See also “Three Spanish companies closed down for violating Kyoto Protocol,” Spain Herald, August 9, 2005.

What you won’t hear today, Part Deux



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Here are some things that won’t be talked about over the coffe breaks at the Senate Energy Committee “Roundtable” on Europe’s cap-and-trade scheme, because the people not making money off of or attaining authority under this racket weren’t welcome.

You won’t hear much talk about the leading assessment of the ETS, from United Kingdom think tank Open Europe, styled “The High Price of Hot Air: Why the EU Emissions Trading Scheme is an environmental and economic failure” (http://www.openeurope.org.uk/research/ets.pdf), offering, inter alia, the following conclusions applicable to any U.S. application of such a scheme:

“Botched central planning, rather than a real market. Instead of auctioning off permits and allowing the market to operate, member states have handed permits out to firms according to 1960s-style National Allocation Plans (NAPs). This means handing permits free to individual firms on a variety of rather sketchy criteria. This attempt at central planning has had all kinds of perverse results. For example NHS hospitals have been forced to spend a total of £1,300,000 buying up permits, and 18 UK universities are also net contributors. Ironically, Large oil companies have made substantial profits from the scheme.”

“An administrative nightmare. Compared to an energy tax or focussed emissions tax on power stations, the scheme is complicated and has imposed very high administrative burdens. Many small plants – for example the main boiler in a hospital – are covered by the scheme, and have to employ staff toconduct monitoring, and compliance activities, and pay for official verification. Despite this, such plants contribute little to total emissions. The estimates in the UK Government’s preliminary Regulatory Impact Assessment suggest that this administrative burden is costing firms and public sector bodies approximately £62 million a year in the UK.”

Maybe these are among the reasons why “Tom Crotty, chairman of the chlorine producer Ineos ChlorVinyls, said that spiralling energy costs had led to the loss of 100,000 job losses over the past 18 months. Included in those losses were the closure of 13 glassmakers and 11 papermills. Ineos ChlorVinyls, which had to halt production temporarily last year because of higher energy costs, has 80 per cent of its costs tied up in energy. Mr Crotty said that energy policy had failed industry: ‘The true cost comes in lost business, lost jobs and lost income’.” The Times (UK) November 28, 2006

What you won’t hear today, Part I



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The Senate Energy and Natural Resources Committee are hosting a Roundtable Discussion of European Union Emissions Trading Scheme today. ENR clearly cherry-picked its participants to exclude the many individuals with real world experience, widely available in the public record and readily available to the Committee, that also happens to be quite unhelpful to their theme that we must follow our European climate superiors into cap-and-trade bliss.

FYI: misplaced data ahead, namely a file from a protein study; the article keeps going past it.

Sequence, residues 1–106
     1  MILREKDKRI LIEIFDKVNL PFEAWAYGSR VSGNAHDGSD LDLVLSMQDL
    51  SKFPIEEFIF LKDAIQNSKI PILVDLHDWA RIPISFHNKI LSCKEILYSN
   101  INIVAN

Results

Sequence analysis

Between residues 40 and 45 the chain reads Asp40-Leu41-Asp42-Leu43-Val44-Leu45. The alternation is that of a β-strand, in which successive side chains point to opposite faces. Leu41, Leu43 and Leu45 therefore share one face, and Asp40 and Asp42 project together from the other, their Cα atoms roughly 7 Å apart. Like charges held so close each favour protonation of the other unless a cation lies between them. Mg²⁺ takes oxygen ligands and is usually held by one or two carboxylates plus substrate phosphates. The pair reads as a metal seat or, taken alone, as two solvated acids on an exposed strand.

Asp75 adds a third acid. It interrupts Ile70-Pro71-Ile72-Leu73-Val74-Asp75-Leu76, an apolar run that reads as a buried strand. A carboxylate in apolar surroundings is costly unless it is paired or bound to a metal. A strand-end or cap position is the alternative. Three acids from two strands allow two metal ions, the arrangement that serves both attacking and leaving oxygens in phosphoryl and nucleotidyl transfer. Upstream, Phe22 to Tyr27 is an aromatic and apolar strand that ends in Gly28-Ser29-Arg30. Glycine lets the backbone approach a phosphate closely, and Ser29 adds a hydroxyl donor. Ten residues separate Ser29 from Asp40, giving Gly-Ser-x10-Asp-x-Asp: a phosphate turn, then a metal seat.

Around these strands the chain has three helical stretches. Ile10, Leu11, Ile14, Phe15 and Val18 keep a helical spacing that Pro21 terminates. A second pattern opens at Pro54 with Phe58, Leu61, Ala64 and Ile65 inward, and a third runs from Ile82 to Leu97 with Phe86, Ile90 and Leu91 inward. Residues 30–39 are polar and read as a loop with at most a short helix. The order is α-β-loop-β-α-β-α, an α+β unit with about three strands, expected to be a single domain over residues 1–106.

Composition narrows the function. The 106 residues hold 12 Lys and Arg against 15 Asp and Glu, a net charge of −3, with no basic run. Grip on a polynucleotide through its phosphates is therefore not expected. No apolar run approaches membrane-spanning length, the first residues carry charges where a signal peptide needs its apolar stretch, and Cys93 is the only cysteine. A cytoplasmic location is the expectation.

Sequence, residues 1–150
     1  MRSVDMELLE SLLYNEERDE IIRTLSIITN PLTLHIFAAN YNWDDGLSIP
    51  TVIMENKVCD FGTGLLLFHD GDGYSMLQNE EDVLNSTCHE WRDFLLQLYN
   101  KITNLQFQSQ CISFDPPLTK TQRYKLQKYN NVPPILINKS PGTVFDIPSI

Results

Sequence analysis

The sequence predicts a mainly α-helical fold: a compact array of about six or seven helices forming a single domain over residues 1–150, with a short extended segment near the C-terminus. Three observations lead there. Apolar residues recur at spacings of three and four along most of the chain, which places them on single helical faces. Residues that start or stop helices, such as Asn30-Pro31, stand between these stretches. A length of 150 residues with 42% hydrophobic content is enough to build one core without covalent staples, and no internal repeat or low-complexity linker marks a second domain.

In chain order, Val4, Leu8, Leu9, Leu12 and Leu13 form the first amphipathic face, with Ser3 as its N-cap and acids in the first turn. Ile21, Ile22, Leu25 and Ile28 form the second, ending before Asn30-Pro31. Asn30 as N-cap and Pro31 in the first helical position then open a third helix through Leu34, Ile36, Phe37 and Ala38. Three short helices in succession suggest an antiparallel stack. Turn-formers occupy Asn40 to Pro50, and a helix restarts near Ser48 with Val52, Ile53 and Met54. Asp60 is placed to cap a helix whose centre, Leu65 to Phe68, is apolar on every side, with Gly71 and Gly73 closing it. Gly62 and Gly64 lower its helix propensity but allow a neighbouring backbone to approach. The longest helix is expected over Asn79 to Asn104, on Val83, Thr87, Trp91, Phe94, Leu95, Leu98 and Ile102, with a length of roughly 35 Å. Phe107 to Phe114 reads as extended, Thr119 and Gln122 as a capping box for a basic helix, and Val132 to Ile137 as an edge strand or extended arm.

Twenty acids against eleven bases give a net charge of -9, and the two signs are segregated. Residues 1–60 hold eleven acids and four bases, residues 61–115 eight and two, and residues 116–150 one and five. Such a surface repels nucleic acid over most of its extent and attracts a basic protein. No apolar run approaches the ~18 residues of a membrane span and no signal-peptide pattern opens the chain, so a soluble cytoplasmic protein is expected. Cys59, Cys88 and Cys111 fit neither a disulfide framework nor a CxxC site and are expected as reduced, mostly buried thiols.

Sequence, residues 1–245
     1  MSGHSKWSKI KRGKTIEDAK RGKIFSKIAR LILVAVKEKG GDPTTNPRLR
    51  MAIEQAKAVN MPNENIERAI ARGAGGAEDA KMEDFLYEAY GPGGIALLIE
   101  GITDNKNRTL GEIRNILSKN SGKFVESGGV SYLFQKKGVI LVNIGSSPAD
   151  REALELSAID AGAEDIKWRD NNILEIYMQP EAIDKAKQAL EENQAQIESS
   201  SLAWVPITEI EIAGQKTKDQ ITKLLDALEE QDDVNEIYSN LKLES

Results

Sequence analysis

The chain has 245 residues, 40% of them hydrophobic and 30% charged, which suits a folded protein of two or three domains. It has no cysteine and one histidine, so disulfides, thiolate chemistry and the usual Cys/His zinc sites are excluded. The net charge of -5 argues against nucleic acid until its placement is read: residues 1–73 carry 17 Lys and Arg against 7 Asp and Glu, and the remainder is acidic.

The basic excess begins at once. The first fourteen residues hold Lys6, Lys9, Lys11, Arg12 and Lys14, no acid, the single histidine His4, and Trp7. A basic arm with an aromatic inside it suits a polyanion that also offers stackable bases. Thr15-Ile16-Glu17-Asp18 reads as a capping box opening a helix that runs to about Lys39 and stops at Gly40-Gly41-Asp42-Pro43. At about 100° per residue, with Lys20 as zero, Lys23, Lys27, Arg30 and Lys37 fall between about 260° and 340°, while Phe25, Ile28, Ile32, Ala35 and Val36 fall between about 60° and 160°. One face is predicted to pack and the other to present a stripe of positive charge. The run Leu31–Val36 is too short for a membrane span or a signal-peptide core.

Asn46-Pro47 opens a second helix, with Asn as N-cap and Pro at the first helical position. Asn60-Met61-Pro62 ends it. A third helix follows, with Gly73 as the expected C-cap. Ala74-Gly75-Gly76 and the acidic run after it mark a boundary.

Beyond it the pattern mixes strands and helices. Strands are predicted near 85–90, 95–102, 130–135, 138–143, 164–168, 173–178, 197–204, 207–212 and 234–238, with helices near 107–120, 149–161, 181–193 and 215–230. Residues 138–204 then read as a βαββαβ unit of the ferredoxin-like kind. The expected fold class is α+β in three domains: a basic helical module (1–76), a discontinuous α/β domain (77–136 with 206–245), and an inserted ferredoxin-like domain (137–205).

These cherry-pickies span the breathtakingly parochial gamut from an official of the European Commission (who designed the scheme), to largely unaffected nuclear-power dependent Electricite’ de France, to rent seekers and their pilot fish like a Shell Oil carbon credit trader and the founder of Point Carbon. O, The Great Debate that awaits us! In advance, each of them offered, in one page or less, what’s “right” with the EU’s Emissions Trading Scheme (ETS), and what’s “wrong”. To summarize the tenor and substance of the “wrongs” offered, simply recall the scene in “Fast Times at Ridgemont High” where a stoned Jeff Spicoli leans out the window of Trans Am which he has just wrecked, and returns fully inside said vehicle to say “Relax, all right? My old man is a television repairman, he’s got this ultimate set of tools. I can fix it.” Um, no, you can’t.

The “right” pages give banal comments worldwide a bad name, particularly those of Bruno Vanderborght, Vice President of Climate Protection, Holcim Cement — please, as if I could even make that up. I think he may have been in a really big hurry because this sure reads like he just excerpted the Commission website.

In truth, the concept that Europe’s implementation of the Kyoto Protocol is a model to follow, if with strong lessons, doesn’t withstand the slightest scrutiny. So, throughout the day I will post a few quotes that you won’t hear, from regulated entities that might soon be looking for more accommodating places to conduct their business.

Michael Ramirez on Planet Gore



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Hate Al Gore? Disagree With, Yes...



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Pity perhaps, but hate Al Gore? Why, I’ve never even met the man; so what is Jonathan Chait talking about ?

National Review magazine, with its popular website, is a perfect example. It has a blog dedicated to casting doubt on global warming, or solutions to global warming, or anybody who advocates a solution. Its title is “Planet Gore.” The psychology at work here is pretty clear: Your average conservative may not know anything about climate science, but conservatives do know they hate Al Gore. So, hold up Gore as a hate figure and conservatives will let that dictate their thinking on the issue.